Editorial for King Kong Digital © LUCA ANZALONE

Editorial for King Kong Digital © LUCA ANZALONE

© DOAN LY

© DOAN LY

Tall Coral-Red Vase, from the Qing dynasty, 1700-1799

From the collection of Indianapolis Museum of Art at Newfields.

©Indianapolis Museum of Art

See this object at www.imamuseum.org

Coral-Red Vase.

From the collection of Indianapolis Museum of Art at Newfields. ©Indianapolis Museum of Art

See this object at www.imamuseum.org

via jalaninterior.com

via jalaninterior.com

Bacchus by FROMENT-MEURICE & FRANÇOIS-DÉSIRÉ

From the collection of The Victoria and Albert Museum ©The Victoria and Albert Museum/

“Coral has been used in jewellery since antiquity. Believed to be an amulet which could protect against the evil eye, it was often worn by children or used in rosaries. In the early 19th century, it began to be exploited in conventional jewellery and became highly fashionable. According to the 19th century French jeweller Henri Vever 'Every day, the coral merchant of H.R.H. Madame, Duchesse d'Angouleme, offers the most elaborate and elegant parures to customers and passers-by: the jewels which are sold there are created with exquisite taste'.

Many 19th century designers used historical styles.

This one is carved with a figure of Bacchus, the Greek god of wine.” - via Google Arts & Culture

© VICTOR STONEM

© VICTOR STONEM

©TISHK BARZANJI

©TISHK BARZANJI

Corals in the Sea by ARGENTINA GONZÁLEZ TAMAMES, 2018, Abstract representation, Watercolour

From the collection of ©Asociación Española de Pintores y Escultores, Madrid

‘Finger accidentally over disposable camera’ by  JP BONINO

‘Finger accidentally over disposable camera’ by JP BONINO

Triumph of the Marine Venus by SEBASTIANO RICCI, c. 1713.

From the collection of The J. Paul Getty Museum, © The J. Paul Getty Museum

“Born from the sea, the mythological goddess Venus sits upon a throne pulled by muscular men and surrounded by her entourage. Her son Cupid flies nearby and grasps a handful of coral from a plate held by an attendant. Perched above Venus, a woman holds a string of pearls, a typical adornment of the goddess. The pearls fall through her hair and down along her shoulder. The composition is arranged in a loose pyramidal shape with Venus at the apex. Sebastiano Ricci used an array of flesh tones to describe and model the playful, graceful figures, from the reddish-brown tanned skin of the athletic men to the light brownish-peach skin of the cherub blowing a conch shell in the lower right-hand corner and the even lighter flesh of the women. Venus's softly painted skin is a creamy white with touches of pink in her cheeks, chest, stomach, and knees; her flesh glows as if lit from within. Against the blue sky, streaks of pink paint describe wispy clouds and fading sunlight. With the Triumph of the Marine Venus, Ricci made a transition from a more classical Baroque style of dramatic gestures, bold colours, and serious subject matter to a more Rococo style of light, pastel colours, elegant, graceful figures, and decorative compositional elements.” via Google Arts & Culture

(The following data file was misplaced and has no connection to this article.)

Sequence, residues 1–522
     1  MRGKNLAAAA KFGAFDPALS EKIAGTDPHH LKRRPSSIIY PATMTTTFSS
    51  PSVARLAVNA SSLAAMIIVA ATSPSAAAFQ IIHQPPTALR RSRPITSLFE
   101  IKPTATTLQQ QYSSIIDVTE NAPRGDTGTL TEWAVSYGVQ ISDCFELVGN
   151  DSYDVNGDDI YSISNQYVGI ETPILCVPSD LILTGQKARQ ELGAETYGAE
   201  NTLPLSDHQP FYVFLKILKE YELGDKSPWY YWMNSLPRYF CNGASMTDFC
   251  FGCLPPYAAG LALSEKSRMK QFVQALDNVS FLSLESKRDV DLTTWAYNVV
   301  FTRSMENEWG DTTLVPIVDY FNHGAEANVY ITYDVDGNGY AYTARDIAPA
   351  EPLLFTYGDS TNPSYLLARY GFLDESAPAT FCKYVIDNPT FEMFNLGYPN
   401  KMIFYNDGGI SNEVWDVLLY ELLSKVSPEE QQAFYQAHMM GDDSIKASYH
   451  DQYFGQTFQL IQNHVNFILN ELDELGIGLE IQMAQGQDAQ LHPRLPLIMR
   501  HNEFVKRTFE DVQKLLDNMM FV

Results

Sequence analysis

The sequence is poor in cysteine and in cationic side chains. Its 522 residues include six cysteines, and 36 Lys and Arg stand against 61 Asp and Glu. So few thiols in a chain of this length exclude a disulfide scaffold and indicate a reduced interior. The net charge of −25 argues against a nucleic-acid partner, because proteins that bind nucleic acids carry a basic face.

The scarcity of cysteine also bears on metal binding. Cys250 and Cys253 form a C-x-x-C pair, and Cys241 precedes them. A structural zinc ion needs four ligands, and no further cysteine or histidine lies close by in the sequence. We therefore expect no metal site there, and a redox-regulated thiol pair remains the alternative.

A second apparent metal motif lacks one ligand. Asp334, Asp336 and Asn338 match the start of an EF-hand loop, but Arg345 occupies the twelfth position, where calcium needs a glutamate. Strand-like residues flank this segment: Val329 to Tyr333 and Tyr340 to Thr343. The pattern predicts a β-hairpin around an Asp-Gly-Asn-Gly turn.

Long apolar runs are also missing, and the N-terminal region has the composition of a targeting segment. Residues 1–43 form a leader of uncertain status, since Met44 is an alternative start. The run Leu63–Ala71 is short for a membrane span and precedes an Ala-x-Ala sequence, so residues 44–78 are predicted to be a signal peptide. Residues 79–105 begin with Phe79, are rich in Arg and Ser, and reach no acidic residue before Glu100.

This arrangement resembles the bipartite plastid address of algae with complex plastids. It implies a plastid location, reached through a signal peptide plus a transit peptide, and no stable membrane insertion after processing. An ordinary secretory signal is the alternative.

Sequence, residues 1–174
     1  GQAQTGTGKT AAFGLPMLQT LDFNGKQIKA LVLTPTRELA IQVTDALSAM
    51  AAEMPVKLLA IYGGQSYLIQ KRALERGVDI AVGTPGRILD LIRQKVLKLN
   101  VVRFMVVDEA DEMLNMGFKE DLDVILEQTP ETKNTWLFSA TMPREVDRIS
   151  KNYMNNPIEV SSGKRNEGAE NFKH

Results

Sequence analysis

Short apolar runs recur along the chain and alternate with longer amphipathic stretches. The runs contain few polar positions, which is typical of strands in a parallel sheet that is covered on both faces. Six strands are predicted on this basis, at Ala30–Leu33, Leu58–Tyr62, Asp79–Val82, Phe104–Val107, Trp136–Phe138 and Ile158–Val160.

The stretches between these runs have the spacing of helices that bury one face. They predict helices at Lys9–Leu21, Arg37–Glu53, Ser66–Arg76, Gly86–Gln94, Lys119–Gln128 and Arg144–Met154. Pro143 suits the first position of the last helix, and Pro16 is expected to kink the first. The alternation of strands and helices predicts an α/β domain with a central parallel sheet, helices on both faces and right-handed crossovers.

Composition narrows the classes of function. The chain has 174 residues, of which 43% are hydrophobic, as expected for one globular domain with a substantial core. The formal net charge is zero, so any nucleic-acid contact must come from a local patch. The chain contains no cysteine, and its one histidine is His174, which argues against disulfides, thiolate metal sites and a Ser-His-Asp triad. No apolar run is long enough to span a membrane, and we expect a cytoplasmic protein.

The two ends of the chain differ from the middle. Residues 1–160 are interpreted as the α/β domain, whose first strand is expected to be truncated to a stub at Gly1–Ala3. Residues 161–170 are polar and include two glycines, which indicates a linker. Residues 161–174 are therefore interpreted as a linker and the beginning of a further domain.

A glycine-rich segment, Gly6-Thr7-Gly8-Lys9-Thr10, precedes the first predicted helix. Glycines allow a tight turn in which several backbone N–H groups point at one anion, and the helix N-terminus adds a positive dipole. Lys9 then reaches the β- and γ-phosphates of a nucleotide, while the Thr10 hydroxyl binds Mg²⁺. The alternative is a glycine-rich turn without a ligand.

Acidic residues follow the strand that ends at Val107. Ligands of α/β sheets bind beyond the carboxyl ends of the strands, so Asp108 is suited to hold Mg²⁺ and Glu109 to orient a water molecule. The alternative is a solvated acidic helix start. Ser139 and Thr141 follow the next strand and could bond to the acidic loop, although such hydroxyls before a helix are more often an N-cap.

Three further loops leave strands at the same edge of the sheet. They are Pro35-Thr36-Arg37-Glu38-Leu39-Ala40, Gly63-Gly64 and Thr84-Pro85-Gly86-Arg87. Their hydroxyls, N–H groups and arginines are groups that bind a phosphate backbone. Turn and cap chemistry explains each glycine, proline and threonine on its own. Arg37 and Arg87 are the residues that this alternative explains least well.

Antelope Canyon, Arizona, USA

Antelope Canyon, Arizona, USA

Photography: Saurabh Suryan – Lokesh Dang for Renesa Architecture Design Interiors

Photography: Saurabh Suryan – Lokesh Dang for Renesa Architecture Design Interiors

Figure of a Fish, by David Webb, c. 1965

From the collection of The Museum of Fine Arts, Houston

© The Museum of Fine Arts, Houston, The Rienzi Collection, gift of Mr. and Mrs. Harris Masterson III

© QUENTIN DERONZIER

© QUENTIN DERONZIER

© LE FAWNHANK

© LE FAWNHANK

© THIERRY PORTER

© THIERRY PORTER

© DELFINA CARMONA

© DELFINA CARMONA

ATELIER AVEUS    Art Direction by Six N. Five, 3D Design by John Garcia Pons

ATELIER AVEUS

Art Direction by Six N. Five, 3D Design by John Garcia Pons

Source Unknown

Source Unknown

© DENISSE ARIANNA PEREZ

© DENISSE ARIANNA PEREZ

Mirror, 18th century, Germany

From the collection of The Metropolitan Museum of Art

©Metropolitan Museum of Art, New York, NY

© DENISSE ARIANNA PEREZ

© DENISSE ARIANNA PEREZ

Folk costume from the Opoczno region, in Poland, Unknown artist.

From the collection of ©The Polish Museum in Rapperswil

© DENISSE ARIANNA PEREZ

© DENISSE ARIANNA PEREZ

Painting by MARK ROTHKO

Painting by MARK ROTHKO

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© YUN YE

© YUN YE

JAIUPUR, INDIA via www.walkmyworld.com.au

JAIUPUR, INDIA via www.walkmyworld.com.au

Snuff bottle, c. 1736/1795, Qing Dynasty, China

From the collection of The Metropolitan Museum of Art

©Metropolitan Museum of Art, New York, NY

A still image from the Grand Budapest Movie directed by WES ANDERSON

A still image from the Grand Budapest Movie directed by WES ANDERSON

© YUN YE

© YUN YE

Samsung QLED 8K - Perfect Reality Agency: R/GA

Art Direction & Development by Six N. Five

3D design: Joan Garcia Pons, Ezequiel Pini and Artur de Menezes

Animation: Lalo Landa

Sound design by CypherAudio

Agent: Eiger Agency

© MAR+VIN

© MAR+VIN

© MAR+VIN

© MAR+VIN

© MAR+VIN

© MAR+VIN